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Report of the Commission on the Eastern Mediterranean
An Israeli Navy vessel passes by the Tamar drilling natural gas production platform during a squadron exercise on May 27, 2013 off the coast of Israel in the Mediterranean Sea. (Uriel Sinai/Getty Images)

Report of the Commission on the Eastern Mediterranean

Shaul Chorev, Mary Landrieu, Ami Ayalon, Seth Cropsey, Charles D. Davidson, Douglas J. Feith, Arthur Herman, Gary Roughead & Eytan Sheshinski

Authoritarian politics, energy and computer technology and war are rapidly transforming the Eastern Mediterranean.

Political instability — triggered by the Arab Spring — has made the region extraordinarily violent. Syria is disintegrating; millions of refugees from the conflict have spread across the region. Civil war has decimated Libya and Yemen. Turkey, a NATO member, is fighting the PKK and Islamic State as its increasingly authoritarian president transforms the country’s domestic politics. Further complicating the situation, Russia and Iran are capitalizing on American disengagement from the region to expand their military presence on the land, air and sea.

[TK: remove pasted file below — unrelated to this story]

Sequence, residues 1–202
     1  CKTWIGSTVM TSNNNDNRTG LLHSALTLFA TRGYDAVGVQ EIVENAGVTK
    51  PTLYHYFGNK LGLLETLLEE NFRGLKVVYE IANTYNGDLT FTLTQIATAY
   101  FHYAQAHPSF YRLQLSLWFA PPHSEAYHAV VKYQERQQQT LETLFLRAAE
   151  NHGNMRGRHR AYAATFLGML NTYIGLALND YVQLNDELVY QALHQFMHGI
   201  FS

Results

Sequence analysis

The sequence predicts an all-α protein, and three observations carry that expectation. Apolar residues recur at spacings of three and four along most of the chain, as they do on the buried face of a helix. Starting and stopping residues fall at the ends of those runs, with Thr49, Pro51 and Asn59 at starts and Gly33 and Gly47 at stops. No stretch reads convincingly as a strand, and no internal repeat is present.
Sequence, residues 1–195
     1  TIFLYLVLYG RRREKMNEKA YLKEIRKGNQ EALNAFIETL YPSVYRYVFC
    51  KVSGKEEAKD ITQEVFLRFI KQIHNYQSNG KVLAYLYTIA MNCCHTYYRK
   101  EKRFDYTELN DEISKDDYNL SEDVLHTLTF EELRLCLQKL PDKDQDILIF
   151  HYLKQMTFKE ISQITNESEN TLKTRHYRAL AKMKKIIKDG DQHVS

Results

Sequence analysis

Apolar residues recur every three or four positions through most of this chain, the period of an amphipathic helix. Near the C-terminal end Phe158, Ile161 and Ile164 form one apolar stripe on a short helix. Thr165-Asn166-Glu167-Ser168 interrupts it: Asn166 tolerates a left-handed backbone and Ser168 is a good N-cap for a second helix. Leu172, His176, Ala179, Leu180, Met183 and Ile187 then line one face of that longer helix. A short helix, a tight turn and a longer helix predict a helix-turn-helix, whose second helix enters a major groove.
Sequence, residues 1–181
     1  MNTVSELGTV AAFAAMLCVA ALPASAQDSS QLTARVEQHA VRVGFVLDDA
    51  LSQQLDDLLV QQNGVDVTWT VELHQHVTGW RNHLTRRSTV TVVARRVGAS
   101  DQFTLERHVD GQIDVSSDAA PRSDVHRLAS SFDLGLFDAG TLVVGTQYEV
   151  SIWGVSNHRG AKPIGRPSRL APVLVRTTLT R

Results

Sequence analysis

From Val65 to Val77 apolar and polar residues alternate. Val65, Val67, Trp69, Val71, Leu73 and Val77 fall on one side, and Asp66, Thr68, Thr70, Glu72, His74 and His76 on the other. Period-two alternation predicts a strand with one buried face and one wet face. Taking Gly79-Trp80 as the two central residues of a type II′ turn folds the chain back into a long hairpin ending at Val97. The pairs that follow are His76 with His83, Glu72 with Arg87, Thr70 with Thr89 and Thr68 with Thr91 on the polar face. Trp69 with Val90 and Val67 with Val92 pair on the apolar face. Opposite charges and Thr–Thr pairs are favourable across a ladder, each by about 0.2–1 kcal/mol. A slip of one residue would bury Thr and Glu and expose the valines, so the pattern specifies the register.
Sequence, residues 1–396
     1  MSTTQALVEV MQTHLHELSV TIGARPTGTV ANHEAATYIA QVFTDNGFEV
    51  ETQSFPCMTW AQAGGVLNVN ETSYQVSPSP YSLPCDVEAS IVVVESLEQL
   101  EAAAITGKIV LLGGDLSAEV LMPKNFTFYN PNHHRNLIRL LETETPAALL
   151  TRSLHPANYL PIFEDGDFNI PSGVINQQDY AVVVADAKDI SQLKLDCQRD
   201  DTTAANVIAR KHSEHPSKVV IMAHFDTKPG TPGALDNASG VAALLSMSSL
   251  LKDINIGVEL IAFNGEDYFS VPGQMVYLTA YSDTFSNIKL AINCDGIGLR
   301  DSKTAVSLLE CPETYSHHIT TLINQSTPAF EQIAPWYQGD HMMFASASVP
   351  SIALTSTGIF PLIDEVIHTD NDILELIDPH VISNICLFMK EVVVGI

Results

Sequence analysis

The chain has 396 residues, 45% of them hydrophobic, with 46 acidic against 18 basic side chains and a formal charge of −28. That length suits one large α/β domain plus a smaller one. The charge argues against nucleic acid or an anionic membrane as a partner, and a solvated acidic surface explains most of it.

Nevertheless, the region has a few bright spots. Among the brightest are the large offshore energy reserves in the Eastern Mediterranean. Such reserves are already benefiting Israel and creating potential for cooperation between Israel and its neighbors.

Israel’s energy laws and policies were developed largely when the country was an energy importer. Israeli officials now have to develop a way to handle energy matters that can allow Israel to become not only a substantial energy producer, but an exporter. They must balance antitrust, security, environmental and other concerns while safeguarding Israel’s reputation as a fair and reliable home for foreign investment. They hope to take advantage of the resulting diplomatic openings and domestic job and business opportunities, use energy tax revenues for the public interest.

To address the range of energy and security questions relating to the Eastern Mediterranean, the University of Haifa and Hudson Institute sponsored a “blue-ribbon” commission of senior Israeli and American military officers, policy practitioners and scholars. The commissioners met in Israel and in Washington, D.C. in 2016 and drafted a comprehensive report that addresses Israel’s energy policy, security problems and opportunities in the region and the future of the US-Israel strategic partnership.

The case can be made that Israel and the United States continue to share strategic interests, but those with contrary views are increasingly vocal. It is sensible for Israelis and Americans to reexamine their assumptions about world affairs and how their ties might better serve their interests. This report delineates new avenues for bilateral cooperation while making the case that the United States has no realistic option to disengage or isolate itself from the Middle East.

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